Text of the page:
Letter from Halina Poświatowska written 16.12. N/D
n When I was writing the card, I was in no condition yet to write a decent letter (weakness following bronchitis), so please forgive the stinginess of this first bit of news. In Paris, I give you my word, I behaved decently within the limits of possibility – but after all, I had to walk a bit – and the weather was rather bad. In addition, nervous tension – this fear, which I didn’t anticipate, led to complete insomnia. Well, I fainted a bit, and caught a bit of a cold waiting in the rain for some kind of transportation at the Louvre. I lay in bed again for a week, and then I had to leave.
n Mr Szczepański brought me to the airport; he was very polite and attentive – he waited with me almost to the moment of departure – he waited a long time. Then we were thrown into the plane, and we couldn’t land in Berlin because of the bad weather – we transported all of the Germans, without exception, to Warsaw. I was suffocating on the plane – it turns out that with my very weak heart, I can’t hold out at 6,000 metres of altitude. I gave them a bit of trouble, but was given drops of valerian and something else by an obliging young lady – I made it. At the airport, there were ??? and a cold wind and taxis out of nowhere. I had to stop in Warsaw the next day and arrange my documents; then the trip to Częstochowa.
n And I became ill – with great relief that I was already at home, that I didn’t have to be afraid of Paris hospitals, or the fact that my insurance ends in November along with the scholarship, and, in that case, of what I’d do on my own without money.
n That’s all, Professor, about my illness and its direct causes. At the moment I already feel better, so well that I quarrel with Professor Aleksandrowicz on the phone about plans for my near future. Professor Aleksandrowicz doesn’t want to hear about my going back to normal work in January, but I intend to do it even against his will. What would I do without work? And this is not just a question of finances, although of course these are also important, because how could I support myself if not from university work? Professor A. believes I can simply write – but he’s a utopian, because first of all, it’s not always possible to write, there’s not always something to be written, and second, writing is a hundred times more tiring than teaching even very unruly young people. Besides, I really like my job; I want to work …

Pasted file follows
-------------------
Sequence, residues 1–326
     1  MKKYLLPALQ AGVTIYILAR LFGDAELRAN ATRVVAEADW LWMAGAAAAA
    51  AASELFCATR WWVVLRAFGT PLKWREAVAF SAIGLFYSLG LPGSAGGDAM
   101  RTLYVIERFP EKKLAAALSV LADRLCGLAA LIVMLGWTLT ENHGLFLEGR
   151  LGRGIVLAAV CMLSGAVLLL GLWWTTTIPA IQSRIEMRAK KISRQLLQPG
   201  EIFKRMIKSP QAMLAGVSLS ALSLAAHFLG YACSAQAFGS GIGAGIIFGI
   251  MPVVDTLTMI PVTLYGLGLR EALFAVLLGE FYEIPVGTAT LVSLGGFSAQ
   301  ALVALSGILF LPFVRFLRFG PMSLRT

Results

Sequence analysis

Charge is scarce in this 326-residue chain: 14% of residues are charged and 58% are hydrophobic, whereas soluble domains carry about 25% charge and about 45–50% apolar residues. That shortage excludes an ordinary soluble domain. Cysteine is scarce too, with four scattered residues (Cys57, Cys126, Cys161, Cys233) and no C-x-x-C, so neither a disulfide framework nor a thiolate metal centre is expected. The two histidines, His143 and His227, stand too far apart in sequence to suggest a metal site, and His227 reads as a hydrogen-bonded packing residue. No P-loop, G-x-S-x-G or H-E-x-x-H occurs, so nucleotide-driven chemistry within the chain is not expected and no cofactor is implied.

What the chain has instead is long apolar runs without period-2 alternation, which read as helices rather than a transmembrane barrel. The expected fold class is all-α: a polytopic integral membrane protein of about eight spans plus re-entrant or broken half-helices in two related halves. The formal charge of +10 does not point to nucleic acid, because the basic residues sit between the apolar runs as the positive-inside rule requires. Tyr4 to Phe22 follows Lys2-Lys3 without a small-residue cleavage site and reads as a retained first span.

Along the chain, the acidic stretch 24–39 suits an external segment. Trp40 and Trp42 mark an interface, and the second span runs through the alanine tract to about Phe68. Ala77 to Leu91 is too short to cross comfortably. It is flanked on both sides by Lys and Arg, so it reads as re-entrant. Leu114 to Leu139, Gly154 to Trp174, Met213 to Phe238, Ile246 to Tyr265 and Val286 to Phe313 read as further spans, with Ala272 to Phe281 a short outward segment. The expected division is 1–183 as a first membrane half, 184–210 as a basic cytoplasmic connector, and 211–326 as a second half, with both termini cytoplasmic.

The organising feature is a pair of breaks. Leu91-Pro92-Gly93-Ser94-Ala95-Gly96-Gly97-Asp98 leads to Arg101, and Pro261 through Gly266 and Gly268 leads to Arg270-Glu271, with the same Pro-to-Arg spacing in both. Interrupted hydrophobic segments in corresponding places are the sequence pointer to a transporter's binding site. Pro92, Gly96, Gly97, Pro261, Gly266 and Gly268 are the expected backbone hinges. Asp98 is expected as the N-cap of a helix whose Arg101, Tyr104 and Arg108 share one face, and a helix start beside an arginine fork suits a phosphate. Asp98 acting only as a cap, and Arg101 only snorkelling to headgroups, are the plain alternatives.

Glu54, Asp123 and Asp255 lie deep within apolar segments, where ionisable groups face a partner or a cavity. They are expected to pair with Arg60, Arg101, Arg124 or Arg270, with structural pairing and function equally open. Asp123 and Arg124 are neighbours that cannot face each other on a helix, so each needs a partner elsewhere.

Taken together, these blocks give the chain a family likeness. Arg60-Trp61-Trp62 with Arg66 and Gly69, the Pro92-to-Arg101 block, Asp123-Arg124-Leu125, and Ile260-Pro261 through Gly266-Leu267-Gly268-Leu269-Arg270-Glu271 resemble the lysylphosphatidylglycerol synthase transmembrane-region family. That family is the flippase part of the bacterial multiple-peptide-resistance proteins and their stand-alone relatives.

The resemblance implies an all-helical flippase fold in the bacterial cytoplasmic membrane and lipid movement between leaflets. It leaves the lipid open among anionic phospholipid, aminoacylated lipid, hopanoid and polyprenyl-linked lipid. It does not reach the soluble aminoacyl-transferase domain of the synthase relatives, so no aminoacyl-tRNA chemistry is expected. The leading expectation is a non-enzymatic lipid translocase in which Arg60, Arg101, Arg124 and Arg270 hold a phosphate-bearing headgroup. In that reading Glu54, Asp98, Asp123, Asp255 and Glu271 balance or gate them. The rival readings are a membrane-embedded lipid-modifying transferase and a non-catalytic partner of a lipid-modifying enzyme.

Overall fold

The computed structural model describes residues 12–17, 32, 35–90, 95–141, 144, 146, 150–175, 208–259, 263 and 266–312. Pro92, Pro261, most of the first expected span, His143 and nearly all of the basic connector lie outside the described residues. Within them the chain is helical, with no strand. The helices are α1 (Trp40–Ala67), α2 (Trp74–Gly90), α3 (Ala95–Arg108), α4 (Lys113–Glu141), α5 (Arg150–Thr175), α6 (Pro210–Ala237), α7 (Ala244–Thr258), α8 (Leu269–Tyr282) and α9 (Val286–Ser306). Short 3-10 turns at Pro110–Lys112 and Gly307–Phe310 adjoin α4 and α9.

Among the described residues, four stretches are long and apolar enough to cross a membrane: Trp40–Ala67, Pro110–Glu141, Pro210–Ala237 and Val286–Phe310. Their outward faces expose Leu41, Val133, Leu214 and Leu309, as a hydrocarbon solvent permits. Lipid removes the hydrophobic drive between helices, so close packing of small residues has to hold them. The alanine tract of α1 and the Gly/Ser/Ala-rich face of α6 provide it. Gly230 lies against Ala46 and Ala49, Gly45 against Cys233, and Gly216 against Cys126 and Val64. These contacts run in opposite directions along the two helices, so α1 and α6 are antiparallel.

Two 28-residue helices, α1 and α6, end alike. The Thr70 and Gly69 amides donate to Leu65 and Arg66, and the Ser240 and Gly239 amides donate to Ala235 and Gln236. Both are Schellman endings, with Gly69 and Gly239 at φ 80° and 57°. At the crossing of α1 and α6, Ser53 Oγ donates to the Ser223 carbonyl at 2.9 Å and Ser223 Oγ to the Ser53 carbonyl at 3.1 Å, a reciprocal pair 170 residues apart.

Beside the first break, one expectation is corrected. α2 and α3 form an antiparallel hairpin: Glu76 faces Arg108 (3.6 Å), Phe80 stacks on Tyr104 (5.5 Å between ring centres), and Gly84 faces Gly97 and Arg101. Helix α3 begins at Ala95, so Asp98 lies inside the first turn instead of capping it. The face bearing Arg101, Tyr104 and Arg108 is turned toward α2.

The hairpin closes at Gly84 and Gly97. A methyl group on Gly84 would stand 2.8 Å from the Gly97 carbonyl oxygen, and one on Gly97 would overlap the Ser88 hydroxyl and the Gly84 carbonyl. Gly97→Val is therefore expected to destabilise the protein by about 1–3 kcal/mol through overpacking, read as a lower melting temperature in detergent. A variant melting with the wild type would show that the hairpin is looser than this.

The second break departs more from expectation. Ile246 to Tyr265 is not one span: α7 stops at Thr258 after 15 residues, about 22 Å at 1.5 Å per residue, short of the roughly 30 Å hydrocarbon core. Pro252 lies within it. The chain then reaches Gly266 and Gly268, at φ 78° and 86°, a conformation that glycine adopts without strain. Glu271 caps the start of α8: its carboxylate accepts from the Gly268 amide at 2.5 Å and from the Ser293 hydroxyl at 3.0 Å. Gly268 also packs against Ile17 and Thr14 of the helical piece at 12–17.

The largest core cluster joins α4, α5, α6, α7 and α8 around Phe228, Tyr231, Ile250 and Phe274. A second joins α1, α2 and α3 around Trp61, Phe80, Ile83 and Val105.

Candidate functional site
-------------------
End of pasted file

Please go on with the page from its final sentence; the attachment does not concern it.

n Well, the professor answers: you’ll work a month or two and you’ll be in hospital again; I: maybe not this time; after all, if I had no hope I wouldn’t be able to live at all, and even if I become really ill, well, after all there’s always Professor Aleksandrowicz, who’ll pull me out of my misery. Perverse dialectic.
n I apologise for this long disquisition on the subject of my own misfortunes – and I wish you a happy Holiday – and I’m glad I’ll see you and Cracow soon –